It’s not as simple as 2 groups emerging (those who do, and those who don’t take breaks) – people move from group to group depending on lots of situational factors
I’m now trying to work with these themes to look for ways to change the culture to one where people at least feel more comfortable to take a break if they want to. Clearly, if you have a job, the culture at your workplace will almost certainly be different to the one where I work, but perhaps, this blog might make you think a bit differently. Go on, stop reading this, move away from your screen… and take a break!
Mike will be sharing more about his research into the consequences of taking breaks (or not) during the working day at Psychologist in the Pub on Wednesday 1st May at The Glebe in Stoke.
The Department of Psychology recently hosted the Psychology Teacher Forum, an event aimed at psychology teachers in the West Midlands and surrounding areas. The aim of the Forum was to create a networking opportunity for teachers working in Further Education, alongside workshops focussed on teaching some of the core areas of psychology led by subject specialists at the University.
The Psychology Department welcomed 23 delegates who teach psychology on a range of different qualifications (e.g., A Levels, BTEC and Access courses). Judy David opened the event with a brief history of the Psychology Department at Staffs before Mel Hall delivered the first workshop where top tips and ideas for teaching Research Methods were shared, including happy and sad graphs!
Our Psychology technicians, Paul and Sarah, then led a tour of the Department facilities with an opportunity for delegates to take part in some demonstrations of our specialist equipment, such as the pain lab cold pressor tank.
Dr Jade Elliott then delivered a session on biological psychology, demonstrating interactive activities such as the 3-D brain app and the Wisconsin Sorting Task.
After a bit of light refreshment and networking supported by current PhD student Tanya Schrader, the final workshop covered courses and careers in Psychology delivered by Dr Claire Barlow and Dr Heather Semper.
We received some really positive feedback after the event, one attendee commented:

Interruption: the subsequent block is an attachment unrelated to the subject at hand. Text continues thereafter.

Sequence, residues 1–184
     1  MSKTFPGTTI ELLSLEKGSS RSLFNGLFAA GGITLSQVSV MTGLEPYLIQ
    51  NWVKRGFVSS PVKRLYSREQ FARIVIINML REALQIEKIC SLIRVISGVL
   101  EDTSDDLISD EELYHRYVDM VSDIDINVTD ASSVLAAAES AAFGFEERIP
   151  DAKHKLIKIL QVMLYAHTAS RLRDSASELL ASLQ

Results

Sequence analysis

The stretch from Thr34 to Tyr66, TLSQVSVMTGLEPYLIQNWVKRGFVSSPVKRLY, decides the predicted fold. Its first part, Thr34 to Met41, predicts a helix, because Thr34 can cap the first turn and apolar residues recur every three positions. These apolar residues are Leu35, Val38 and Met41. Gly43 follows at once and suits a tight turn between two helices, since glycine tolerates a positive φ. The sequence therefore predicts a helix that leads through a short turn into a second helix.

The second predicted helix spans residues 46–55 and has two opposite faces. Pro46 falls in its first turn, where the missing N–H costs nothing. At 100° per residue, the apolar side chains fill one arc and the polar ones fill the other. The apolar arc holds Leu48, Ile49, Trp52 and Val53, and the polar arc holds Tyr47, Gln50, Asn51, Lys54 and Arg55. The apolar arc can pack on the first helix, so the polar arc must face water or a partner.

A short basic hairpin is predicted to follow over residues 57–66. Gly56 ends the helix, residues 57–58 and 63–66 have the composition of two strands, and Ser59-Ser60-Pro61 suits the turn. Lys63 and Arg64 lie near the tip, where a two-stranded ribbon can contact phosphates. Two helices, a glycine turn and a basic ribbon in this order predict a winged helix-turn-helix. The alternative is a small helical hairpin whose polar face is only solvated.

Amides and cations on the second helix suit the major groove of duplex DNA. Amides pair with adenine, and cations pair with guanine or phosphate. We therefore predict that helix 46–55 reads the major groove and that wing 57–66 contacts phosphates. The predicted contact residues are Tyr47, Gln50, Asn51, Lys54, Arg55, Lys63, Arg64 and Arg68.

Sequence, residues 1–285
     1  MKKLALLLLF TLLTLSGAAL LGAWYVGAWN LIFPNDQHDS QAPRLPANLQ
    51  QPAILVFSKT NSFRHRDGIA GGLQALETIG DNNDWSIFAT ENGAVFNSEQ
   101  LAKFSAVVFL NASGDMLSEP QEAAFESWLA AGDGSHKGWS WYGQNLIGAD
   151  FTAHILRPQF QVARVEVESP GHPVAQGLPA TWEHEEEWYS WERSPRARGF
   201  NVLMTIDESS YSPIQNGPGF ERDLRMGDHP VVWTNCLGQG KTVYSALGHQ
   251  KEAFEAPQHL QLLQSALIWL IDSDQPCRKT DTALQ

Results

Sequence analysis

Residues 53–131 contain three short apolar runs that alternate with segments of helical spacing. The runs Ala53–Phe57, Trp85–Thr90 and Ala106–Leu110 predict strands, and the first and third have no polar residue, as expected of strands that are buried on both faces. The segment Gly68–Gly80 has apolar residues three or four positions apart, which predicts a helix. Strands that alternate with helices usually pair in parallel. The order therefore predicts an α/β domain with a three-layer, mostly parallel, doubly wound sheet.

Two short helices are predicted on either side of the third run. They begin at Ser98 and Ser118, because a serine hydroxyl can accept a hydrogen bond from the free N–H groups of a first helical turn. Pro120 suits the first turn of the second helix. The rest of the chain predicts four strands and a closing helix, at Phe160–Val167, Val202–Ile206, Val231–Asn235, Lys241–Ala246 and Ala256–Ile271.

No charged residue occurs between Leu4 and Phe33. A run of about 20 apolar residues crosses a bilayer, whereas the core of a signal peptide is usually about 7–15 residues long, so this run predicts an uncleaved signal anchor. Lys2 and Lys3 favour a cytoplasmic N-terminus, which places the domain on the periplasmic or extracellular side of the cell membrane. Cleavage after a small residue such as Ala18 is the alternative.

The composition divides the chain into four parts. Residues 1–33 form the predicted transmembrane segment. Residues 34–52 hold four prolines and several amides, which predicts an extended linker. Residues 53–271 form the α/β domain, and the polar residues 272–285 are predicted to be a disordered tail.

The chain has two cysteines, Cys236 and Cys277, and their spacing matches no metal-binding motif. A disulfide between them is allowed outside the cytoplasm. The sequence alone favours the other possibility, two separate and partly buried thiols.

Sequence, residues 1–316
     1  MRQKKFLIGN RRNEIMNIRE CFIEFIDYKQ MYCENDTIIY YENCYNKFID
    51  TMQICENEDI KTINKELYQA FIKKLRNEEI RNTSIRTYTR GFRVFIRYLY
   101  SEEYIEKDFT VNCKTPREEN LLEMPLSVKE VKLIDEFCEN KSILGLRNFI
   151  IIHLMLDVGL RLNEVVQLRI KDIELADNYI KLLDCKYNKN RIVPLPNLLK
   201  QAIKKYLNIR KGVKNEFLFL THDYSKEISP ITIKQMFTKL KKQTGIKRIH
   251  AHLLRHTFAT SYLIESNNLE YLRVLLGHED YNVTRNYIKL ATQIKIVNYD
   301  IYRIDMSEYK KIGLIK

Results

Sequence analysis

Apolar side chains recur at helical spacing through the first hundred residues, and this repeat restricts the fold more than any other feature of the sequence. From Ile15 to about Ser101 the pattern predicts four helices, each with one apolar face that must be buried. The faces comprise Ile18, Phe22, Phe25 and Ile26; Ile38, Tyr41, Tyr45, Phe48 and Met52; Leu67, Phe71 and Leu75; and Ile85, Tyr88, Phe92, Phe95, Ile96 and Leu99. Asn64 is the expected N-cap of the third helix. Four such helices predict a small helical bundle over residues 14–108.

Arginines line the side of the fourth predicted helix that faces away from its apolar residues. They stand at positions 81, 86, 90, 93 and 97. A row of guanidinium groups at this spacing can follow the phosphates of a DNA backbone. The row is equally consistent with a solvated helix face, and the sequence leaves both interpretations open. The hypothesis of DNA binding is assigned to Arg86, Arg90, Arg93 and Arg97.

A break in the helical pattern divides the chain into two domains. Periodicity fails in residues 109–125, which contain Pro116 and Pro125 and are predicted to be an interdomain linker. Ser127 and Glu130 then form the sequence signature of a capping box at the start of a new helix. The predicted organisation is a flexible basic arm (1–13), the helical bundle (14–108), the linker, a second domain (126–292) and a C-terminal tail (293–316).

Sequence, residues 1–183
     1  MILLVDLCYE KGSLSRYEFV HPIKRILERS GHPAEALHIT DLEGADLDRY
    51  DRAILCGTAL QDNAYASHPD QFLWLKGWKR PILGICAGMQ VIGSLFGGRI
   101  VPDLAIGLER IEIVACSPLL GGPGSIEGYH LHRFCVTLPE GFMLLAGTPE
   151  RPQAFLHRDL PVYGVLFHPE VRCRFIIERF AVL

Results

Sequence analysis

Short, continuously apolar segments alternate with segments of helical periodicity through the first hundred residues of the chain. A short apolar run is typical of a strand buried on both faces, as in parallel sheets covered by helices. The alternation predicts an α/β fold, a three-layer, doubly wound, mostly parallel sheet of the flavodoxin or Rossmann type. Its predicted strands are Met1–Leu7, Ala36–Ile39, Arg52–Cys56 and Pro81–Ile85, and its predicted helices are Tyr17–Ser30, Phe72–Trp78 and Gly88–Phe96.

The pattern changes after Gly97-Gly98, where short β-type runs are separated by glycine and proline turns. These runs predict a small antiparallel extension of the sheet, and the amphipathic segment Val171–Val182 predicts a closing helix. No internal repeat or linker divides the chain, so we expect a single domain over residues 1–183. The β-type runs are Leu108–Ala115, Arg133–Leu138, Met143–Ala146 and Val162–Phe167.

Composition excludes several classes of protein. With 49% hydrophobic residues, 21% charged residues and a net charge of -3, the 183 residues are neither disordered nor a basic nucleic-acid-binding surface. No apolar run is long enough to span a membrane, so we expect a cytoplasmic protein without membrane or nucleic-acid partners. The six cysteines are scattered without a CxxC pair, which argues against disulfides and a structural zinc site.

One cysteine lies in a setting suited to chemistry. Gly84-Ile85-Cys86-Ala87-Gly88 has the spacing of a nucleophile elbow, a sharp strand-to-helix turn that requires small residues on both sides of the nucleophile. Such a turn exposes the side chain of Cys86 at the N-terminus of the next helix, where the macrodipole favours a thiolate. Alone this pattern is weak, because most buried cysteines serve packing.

“thank you to all of the academic and support staff who made yesterday’s Teacher Forum such a wonderful event. My team and I all left with some brilliant ideas and we were so impressed with the facilities and knowledge of both the staff and technicians. We are now looking into bringing our students along to see how much is on offer locally for L3 provision and beyond”
Dr Claire Barlow was involved in the organisation of the event alongside Dina Grinsted (Schools & College Champion for Psychology), Claire commented:
“it was great to welcome so many fellow teachers of Psychology to the Department. One of the most positive aspects was the sharing of our experiences of teaching this fascinating subject area as well as the connections we have made. We hope to build on this event and create further opportunities to work together in the future”
Students on our BSc (Hons) Forensic Psychology course study a range of modules related to Psychology and Forensic Science, including individual modules focused on Crime Scene Investigation, the Psychology of Crime and Criminal Justice, and Forensic Applications of Psychology.
After completing their studies, many of our Forensic Psychology graduates pursue careers in the police force or a variety of roles working with offenders. As part of this work, many Forensic Psychology graduates may be working on crimes scenes or other settings where they may see a dead body. To help prepare our students for these potential future careers, we recently took a group of our Forensic Psychology students to the Keele University Mortuary. Staff at the Mortuary delivered a number of sessions for our students, including observations of a dead body, seeing how lived experiences (such as smoking or livening in a polluted environment, damage to areas of the brain, undiagnosed aneurysms) affect the body which may only become apparent post mortem, and viewing the Mortuary’s surgical equipment.
Two of our Level 5 Forensic Psychology students who attended the Mortuary visit, Emily and Emily, commented:
“We were taken into the mortuary and shown the cadavers. We were able to see different sections of the body such as the torso, the brain, legs and arms, and a full body. With these different sections we were able to explore actual organs including the brain. This was especially fascinating as psychology students as we were able to see the different areas of the brain that we learn about on our course, and how diseases can be physically shown within the brain. This was especially useful to apply to our Biological Psychology module”
“Another benefit of this trip was to prepare for potential future job areas that a Forensic Psychology student may be interested in, as some jobs may involve viewing the deceased. This also provided an insight into post mortems and anatomy which may be applicable to the forensic field. This trip was not for the faint hearted; you would need a certain mindset to attend this as some students may find this distressing. However, this was a great opportunity and we would definitely recommend that other students take part in this trip in the future.”
Dr Sarah Krahenbuhl (Course Leader, BSc Forensic Psychology) commented: “This was a unique opportunity for our Forensic Psychology students to have direct contact with bodies post mortem, to get some understanding of anatomy, and relate potential theoretical forensic-based experiences to the reality of an individual.”